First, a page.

6. Maintain an atmosphere of urgency. Try to avoid humor, banter, and the like. If you create the right kind of tension, it is actually motivating and will keep people alert..
7. But first and foremost, determine whether a meeting is really the BEST vehicle for carrying out your objective.
Based (solely) on what you stated above (plus a few assumptions I am left to make), I would suggest that you first figure out why there seems to be a miscommunication to begin with. Were the subjects of best practices and resource allocations communicated clearly? Maybe it's a problem of compliance then?
If it's the same as what I observed and experienced in a past company, it was a matter of talking to the team members one at a time in closed-door 1-on-1's to ensure that each one stayed the course.
It might also help if put the best practices and resource allocations in black and white. You can place this in your team's blog site. (Use easy to read bullets or very short paragraphs.) Require everyone to read it for their guidance. And announce to them that they can approach you if they have any questions.
I hope this helps.
Resolving the miscommunication should be done in a roundtable discussion. This might allow the management team to save face, meanwhile forget innovation when you want clarity. Take it back to gradeschool with bulleted lists, simple presentations, and optionally a chalkboard. The clearer you can make it the better.
1- You can have a monday or friday morning (or lunch) meeting with all the colleagues - have 2 minutes round up what s/he is going to do this coming week and what has been done last week. make records (assign someone to write immediately with short sentences)
2 - send out questions to all the employee though the network or email (which one works for your office) - what is the plan for this week and what had been completed last week...everything should be formed within a time frame, so that employees know how they are going to do it and when is the dead line.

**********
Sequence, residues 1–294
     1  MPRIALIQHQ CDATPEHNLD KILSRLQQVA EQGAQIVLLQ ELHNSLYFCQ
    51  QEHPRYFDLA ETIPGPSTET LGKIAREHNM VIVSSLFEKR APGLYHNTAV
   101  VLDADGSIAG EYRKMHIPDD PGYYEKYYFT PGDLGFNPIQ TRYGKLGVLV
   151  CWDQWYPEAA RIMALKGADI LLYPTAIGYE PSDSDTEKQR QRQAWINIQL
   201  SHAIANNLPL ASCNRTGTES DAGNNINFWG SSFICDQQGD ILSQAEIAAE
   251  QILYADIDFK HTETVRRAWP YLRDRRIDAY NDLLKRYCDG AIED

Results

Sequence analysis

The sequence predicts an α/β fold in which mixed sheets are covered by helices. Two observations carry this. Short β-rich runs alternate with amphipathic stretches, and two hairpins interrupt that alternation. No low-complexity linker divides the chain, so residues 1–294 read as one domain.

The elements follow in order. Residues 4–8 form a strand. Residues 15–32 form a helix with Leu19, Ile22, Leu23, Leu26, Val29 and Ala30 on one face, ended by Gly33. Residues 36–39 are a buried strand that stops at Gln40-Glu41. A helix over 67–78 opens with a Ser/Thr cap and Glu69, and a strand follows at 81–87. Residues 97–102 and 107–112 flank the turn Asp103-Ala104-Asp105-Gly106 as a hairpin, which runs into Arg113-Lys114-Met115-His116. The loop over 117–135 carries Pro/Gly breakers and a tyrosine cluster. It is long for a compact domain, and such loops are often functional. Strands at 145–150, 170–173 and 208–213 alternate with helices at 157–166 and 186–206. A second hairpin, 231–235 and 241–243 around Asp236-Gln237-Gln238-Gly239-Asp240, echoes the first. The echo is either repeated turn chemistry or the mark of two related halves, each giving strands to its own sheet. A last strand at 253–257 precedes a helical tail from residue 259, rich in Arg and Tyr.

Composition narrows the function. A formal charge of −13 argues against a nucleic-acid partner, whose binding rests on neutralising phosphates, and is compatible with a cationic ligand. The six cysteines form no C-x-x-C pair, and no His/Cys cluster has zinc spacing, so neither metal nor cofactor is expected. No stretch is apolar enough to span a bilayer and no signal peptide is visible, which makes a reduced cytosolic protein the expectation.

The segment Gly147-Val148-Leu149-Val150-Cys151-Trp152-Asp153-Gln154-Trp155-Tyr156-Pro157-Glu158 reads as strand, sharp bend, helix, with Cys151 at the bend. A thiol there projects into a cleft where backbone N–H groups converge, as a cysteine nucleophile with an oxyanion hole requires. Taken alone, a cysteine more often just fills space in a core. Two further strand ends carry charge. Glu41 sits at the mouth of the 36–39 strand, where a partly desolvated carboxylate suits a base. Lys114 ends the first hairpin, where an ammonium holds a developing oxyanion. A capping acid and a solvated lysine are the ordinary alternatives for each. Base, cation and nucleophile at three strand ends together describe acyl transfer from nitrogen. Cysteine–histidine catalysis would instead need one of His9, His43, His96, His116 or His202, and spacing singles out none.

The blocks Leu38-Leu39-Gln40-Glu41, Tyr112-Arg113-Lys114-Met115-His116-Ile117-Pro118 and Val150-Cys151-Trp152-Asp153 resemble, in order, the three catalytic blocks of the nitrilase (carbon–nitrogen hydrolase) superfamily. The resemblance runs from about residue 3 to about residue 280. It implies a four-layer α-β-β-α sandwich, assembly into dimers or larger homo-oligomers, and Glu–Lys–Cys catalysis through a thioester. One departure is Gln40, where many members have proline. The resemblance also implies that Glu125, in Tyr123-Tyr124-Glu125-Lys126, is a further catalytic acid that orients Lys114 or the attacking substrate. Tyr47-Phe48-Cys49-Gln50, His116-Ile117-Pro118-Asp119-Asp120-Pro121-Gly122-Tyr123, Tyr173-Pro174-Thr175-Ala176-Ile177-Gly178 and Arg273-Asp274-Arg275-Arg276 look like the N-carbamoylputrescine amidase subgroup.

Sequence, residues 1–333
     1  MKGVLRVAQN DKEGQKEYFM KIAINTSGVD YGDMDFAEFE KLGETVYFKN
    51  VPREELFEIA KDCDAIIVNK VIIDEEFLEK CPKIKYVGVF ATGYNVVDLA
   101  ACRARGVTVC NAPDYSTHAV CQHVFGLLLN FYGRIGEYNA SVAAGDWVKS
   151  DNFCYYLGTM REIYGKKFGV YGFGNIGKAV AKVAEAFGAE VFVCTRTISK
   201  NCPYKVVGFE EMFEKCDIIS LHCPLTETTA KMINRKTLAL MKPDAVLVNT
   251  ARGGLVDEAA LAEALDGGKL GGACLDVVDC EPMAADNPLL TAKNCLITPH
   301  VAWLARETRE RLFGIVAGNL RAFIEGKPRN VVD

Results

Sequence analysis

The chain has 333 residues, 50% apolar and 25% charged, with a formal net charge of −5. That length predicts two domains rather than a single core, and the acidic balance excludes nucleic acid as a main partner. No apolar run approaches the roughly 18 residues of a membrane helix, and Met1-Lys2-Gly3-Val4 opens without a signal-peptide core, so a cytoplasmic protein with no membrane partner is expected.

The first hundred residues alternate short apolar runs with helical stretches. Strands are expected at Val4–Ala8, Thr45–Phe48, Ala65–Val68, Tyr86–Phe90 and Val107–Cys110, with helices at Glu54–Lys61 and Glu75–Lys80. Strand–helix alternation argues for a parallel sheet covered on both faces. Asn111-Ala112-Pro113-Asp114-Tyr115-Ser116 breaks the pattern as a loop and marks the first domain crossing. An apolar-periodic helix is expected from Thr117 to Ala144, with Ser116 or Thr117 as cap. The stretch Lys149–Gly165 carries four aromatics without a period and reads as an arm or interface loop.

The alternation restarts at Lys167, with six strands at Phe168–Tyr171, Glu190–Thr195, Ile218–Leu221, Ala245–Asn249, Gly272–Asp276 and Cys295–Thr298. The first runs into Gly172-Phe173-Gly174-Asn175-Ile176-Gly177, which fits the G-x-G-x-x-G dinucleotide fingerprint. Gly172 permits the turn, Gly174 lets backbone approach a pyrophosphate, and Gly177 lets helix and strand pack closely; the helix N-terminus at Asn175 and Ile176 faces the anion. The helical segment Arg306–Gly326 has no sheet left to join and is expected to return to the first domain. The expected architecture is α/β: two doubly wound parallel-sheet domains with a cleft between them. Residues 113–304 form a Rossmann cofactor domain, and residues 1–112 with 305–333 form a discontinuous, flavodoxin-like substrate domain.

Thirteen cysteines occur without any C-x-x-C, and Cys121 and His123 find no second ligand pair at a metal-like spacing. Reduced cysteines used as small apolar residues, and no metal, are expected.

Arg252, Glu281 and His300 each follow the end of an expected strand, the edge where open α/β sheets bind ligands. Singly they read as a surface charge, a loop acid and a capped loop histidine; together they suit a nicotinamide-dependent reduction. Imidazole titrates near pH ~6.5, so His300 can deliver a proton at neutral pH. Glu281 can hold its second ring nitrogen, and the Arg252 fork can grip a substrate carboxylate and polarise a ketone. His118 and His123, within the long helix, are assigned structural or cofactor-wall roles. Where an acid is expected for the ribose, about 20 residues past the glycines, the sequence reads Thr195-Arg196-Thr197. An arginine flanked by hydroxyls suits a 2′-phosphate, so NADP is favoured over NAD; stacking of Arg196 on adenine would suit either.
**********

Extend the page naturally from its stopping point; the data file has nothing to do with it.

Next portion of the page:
if some one cannot catch up with the quality, give him scope to explain and find out what is the problem (individual). respect all and encourage your employees to achieve their weekly goal...
This is a common challenge for business owner's and senior management; here are a few suggestions.
Make sure that everyone understands the direction the company is heading and the goals that have been established.
I usually have separate meetings with my managers and team members, then bring them all together as one unit. Team meetings are held on Monday mornings with a follow up Friday afternoon with only the managers. The reason for the separate meetings is to make sure the managers understand the status of the company. This is also a time to listen to any objections they may have operationally. In the meeting with the team members, which is held first, you should allow them to speak freely, usually they will provide information regarding how things are going. Prior to meeting with the entire team the management team must be on the same page.
To keep the meeting moving have an agenda, a timekeeper, a note taker, and action items.
After the meetings send out a summary; it should have who spoke and what was said, additionally if there are action items, the summary should list what the action is, who is responsible and time frame for completion.
Establishing accountability and open communication you should start to see an uptick in productivity.
Hope this helps, good luck.
If you aren't certain where your best path to max productivity is you may benefit from some consulting. If you do know your course perhaps just a couple of good apps for intercompany texting & project management may be all you need to run with?...
You already have received some good advice here. Let me suggest one more element to improve the quality of your meetings. I have been using an app, called MeetingQuality (note: it is not my product, I just use it) and you can access it at meetingquality.com There is even a free trial period. Let me know how you go.
Keep the meeting 20 minutes and under and pepper it with entertaining anecdotes.